When KRA “come in to look at your books, they’re obviously looking at extra ways of raising additional funds from you. What happens in practice is, in very many cases, they end up coming up with an extra bill which is then knocked off against what you’re supposed to demand …”

And even if they admit that you would legally be entitled to it, practical reasons win out: “Even where you are legally entitled to it, you will be told there is no money to refund”

If you thought you were getting a raw deal on that front, hang on, it gets worse.

On 14 June 2011, parliament approved the withdrawal of KES368bn from the Consolidated Fund via a motion, not an Act of Parliament, as stipulated in the constitution (check Chapter 12). The legality of this is disputed in court, and a ruling’s due around 19 January 2011.

Take the following data into account:

Government spending by end-September 2011 was KES192bn. At the same time, we were KES400m or so away from maxing out the overdraft facility that government has with the central bank, which is roughly KES25bn. That gives Uhuru Kenyatta about KES176bn to spend between October and December 2011.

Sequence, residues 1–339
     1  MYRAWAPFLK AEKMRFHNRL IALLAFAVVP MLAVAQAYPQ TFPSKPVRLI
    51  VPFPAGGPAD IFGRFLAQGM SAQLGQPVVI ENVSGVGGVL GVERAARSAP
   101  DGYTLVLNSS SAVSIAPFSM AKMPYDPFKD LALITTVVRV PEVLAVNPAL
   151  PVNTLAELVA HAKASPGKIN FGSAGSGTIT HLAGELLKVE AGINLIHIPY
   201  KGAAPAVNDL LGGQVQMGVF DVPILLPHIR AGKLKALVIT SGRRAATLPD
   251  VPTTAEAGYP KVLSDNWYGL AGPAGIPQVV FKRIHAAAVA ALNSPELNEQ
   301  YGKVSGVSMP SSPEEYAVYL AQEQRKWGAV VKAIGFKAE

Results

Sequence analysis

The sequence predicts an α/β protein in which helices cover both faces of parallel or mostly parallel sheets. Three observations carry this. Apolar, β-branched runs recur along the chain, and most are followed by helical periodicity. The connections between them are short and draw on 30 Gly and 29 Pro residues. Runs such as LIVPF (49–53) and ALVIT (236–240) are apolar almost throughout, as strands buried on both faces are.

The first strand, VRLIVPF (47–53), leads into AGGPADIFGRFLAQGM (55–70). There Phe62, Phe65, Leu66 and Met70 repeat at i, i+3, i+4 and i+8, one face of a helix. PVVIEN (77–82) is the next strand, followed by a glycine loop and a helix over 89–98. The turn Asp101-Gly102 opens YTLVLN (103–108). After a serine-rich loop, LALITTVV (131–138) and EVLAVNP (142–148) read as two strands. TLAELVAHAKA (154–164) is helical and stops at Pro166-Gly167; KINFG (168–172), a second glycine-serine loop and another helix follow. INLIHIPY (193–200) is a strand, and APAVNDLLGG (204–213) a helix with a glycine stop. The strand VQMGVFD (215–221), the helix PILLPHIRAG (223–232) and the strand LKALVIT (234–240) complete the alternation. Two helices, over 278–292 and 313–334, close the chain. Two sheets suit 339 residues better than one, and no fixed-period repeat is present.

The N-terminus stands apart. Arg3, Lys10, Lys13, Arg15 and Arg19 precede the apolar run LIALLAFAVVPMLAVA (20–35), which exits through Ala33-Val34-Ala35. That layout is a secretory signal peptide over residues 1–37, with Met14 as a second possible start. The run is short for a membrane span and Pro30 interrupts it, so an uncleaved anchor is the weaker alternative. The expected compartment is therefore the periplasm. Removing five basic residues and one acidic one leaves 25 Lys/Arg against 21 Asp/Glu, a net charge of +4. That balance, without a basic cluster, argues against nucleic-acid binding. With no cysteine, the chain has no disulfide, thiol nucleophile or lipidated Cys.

Whatever spending he is making beyond this ceiling is borrowed from public via short-term debt. If this hypothesis is to be proven, the data for it will be in T-Bill yield and auction volume data.

Comparing actual debt load to the planned domestic borrowing for FY 2011/12 should have some interesting revelations. With yields on 91, 182 and 364 day paper rising above 20% last week, taxpayers may be hung out to dry in order to finance government operations.

And that revenue target of KES713bn for FY 2011/12 looks increasingly unlikely to be met, between inflation at an average of 14% for 2012, the KES in the mid-nineties, and delays in passing the VAT Bill of 2011.

Can we realistically expect Uhuru Kenyatta to magically achieve a 17% increase in ordinary tax revenue? I wouldn’t be surprised if the ordinary revenue target is revised downwards between April and June 2012.

In a firm, if cash is tight, spending goes down, and the focus is on getting as much bang for the buck as possible. Not so in government. It’s an election year, and if past years are anything to go by (remember 2007/08?), spending will rise, not drop. It’s just not a good time for fiscal austerity – and the quality of public spending isn’t good at the best of times, and will deteriorate in an election year when everyone is hunting for money to finance their campaigns and dish out favours to voters.

Also, if treasury ratchets up spending while CBK continues efforts to tighten monetary policy, then the two stewards of public finances will be working at cross purposes.

As @RenaldoDsouza put it on Twitter: “2012 [is] not a year for the faint hearted.”

You can say that again, mate.


 About the Author


Business journalist Ramah Nyang is Anchor/Editor at KISS TV, and previously worked as an news anchor and producer for KTN.